How to Spend Less Time Online and Lead an Awesome Life

With the news that we're now spending more time on our phones than with our significant others, it might be time to think about reducing our screen time.

With the news that we’re now spending more time on our phones than with our significant others, it might be time to think about reducing our screen time.

In fact, 62% of recently polled Brits said they hate how much time they spend on their phones. If you also wish you were less addicted to your device, we might be able to help.

Should we be worried?

New research from the University of Derby on “smartphone addiction and its related psychological characteristics” claims that the more you use your phone, the higher the risk of becoming addicted.

The study’s average user spent 3.6 hours per day on his or her phone, with 13% of participants described as “addicted.” The psychological characteristics of smartphone addiction, and its links to narcissism, are particularly worrying.

Psychologist Dr. Deepika Chopra sees a strong link between social media and time spent on smartphones.

Too much social media or smartphone usage may be costing you more than just time

Too much social media or smartphone usage may be costing you more than just time,” she tells Mashable. “Studies show it may be stealing your happiness, stunting development in children, and decreasing academic and social potential in our college student population.”

Other research has shown that more time spent on Facebook, which Chopra says has increased because of smartphone app, has increased feelings of loneliness. Furthermore, studies have linked tablet usage to stunted development in toddlers.

“My fear is that it is killing our society’s ability to interact with humans in real life … I believe more than ever that we must work hard to create a sense of balance — and even a sense of boundary building — when it comes to social media and smartphone usage in order to continue to enjoy and sharpen our cognitive and emotional abilities, develop [instinct], and connect and relate to one other, especially where empathy is concerned.”

So, how can we try and build those boundaries so that we spend less time on our phones? Here are our suggestions.
1. Turn off notifications.

Does checking a single notification turn into a half-hour of phone browsing? You’re not alone — it’s all too easy to get sucked into the social media world through one alert.

If you disable all unnecessary notifications, this is less likely to happen. Even muting your device to stop audio alerts can end that impulse we all have to check our phones whenever they chirp.

2. Find out how much you’re using your phone.


If you’d like to shock yourself into reducing phone time, maybe some cold, hard stats would help.

There are various apps, such as QualityTime for Android and Moment for iOS, that monitor your phone usage and inform you just how many hours a day you’re spending looking at a screen.

These apps also allow you to set alerts to remind you if you are using your phone too much.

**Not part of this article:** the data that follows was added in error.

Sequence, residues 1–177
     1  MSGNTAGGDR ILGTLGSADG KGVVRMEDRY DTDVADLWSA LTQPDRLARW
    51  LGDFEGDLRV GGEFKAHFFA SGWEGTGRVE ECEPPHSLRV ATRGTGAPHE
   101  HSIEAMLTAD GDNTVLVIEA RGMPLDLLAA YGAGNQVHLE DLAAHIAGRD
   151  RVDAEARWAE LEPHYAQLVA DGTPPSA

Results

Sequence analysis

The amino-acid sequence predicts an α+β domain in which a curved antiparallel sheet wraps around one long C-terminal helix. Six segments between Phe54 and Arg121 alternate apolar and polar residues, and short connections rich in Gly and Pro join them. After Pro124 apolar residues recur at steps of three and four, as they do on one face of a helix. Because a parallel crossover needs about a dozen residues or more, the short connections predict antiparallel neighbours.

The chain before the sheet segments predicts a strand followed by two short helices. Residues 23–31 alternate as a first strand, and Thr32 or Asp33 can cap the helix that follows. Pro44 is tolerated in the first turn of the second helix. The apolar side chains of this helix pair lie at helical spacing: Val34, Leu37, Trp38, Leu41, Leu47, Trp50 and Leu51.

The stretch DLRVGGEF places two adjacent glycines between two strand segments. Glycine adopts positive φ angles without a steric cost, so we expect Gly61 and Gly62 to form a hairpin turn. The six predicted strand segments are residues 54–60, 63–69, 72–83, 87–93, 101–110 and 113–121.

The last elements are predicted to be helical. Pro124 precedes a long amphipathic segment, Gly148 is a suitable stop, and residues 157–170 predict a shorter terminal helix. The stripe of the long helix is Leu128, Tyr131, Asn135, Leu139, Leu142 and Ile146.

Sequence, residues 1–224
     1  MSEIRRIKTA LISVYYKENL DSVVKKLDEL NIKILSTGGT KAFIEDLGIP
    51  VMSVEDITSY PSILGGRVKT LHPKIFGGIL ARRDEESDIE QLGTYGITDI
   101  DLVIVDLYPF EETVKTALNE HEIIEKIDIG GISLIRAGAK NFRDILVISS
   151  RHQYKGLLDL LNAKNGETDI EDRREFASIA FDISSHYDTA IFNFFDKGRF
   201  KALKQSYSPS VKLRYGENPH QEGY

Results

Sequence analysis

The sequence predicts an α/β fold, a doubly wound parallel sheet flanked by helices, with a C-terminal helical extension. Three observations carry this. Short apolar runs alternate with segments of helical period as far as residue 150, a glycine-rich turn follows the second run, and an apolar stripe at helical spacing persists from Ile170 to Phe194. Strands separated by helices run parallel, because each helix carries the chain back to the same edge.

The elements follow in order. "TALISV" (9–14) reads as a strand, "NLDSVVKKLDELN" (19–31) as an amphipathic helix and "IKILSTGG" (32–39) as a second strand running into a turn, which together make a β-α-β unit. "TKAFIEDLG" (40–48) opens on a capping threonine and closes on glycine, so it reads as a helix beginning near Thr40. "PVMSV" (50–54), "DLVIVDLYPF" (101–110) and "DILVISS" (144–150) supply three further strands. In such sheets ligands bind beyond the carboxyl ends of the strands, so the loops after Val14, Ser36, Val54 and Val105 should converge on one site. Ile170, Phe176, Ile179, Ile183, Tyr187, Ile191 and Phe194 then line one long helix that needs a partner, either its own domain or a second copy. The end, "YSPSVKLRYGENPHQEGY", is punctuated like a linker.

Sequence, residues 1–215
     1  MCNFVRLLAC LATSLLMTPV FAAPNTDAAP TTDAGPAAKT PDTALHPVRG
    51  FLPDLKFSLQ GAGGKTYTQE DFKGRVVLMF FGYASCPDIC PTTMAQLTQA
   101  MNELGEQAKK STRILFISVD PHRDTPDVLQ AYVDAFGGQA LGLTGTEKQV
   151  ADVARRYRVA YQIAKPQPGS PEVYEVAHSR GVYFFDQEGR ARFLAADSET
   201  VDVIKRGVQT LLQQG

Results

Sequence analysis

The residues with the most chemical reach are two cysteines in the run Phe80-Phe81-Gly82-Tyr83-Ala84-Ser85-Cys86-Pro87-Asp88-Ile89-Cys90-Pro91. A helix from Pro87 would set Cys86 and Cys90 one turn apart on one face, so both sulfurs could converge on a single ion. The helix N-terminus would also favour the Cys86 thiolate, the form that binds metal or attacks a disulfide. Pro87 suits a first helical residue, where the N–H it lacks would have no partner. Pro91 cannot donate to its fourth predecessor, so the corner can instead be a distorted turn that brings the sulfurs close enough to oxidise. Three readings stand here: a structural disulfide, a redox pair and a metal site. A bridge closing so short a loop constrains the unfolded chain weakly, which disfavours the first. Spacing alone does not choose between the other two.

You don’t need your phone at the dinner table, in the bathroom, or while you’re watching a movie or reading a book.

Try to set up phone-free periods during the day. Schedule them when you’re busy doing something else, in order to make the break a bit easier. For example, you could put your phone on Airplane Mode for the first hour after you get home from work. Chances are you’ll be busy making dinner, spending time with your family or getting ready to go out, so you won’t feel the need to check in.


Don’t even take your phone into the bedroom. How many of us, as we set our alarms, check our phones just before we go to sleep? And then how many of us, once the alarm has gone off, check our phones first thing in the morning?

Removing your phone from the room can also remove the overall temptation.


If the previous tips don’t work for you and you’re still spending more time on your phone than you’d like, then you may need to kick it up a notch.

According to  Dr. Larry D. Rosen, professor of psychology at California State University and author of iDisorder: Understanding Our Obsession with Technology and Overcoming Its Hold on Us, what he suggests.

“One easy way is to slowly train your yourself with ‘tech breaks,'” . “Start by looking at your phone for one minute and checking all forms of communication, including texts, calls and social media. Then turn it off, set the alarm for 15 minutes and place it face-down in plain sight. The upside-down phone reminds your brain to not release stress and anxiety neurotransmitters.”

The next time it rings or chirps, check it again for only one minute. Keep doing that until it feels natural not to check in, and see that you didn’t miss anything.

“Increase your tech break by five minutes every week or so, and soon you will be able to not check in for an hour or more without getting anxious about what you may have missed,” Rosen advises. “It also trains your friends, family and colleagues to not expect that immediate Pavlovian response!”

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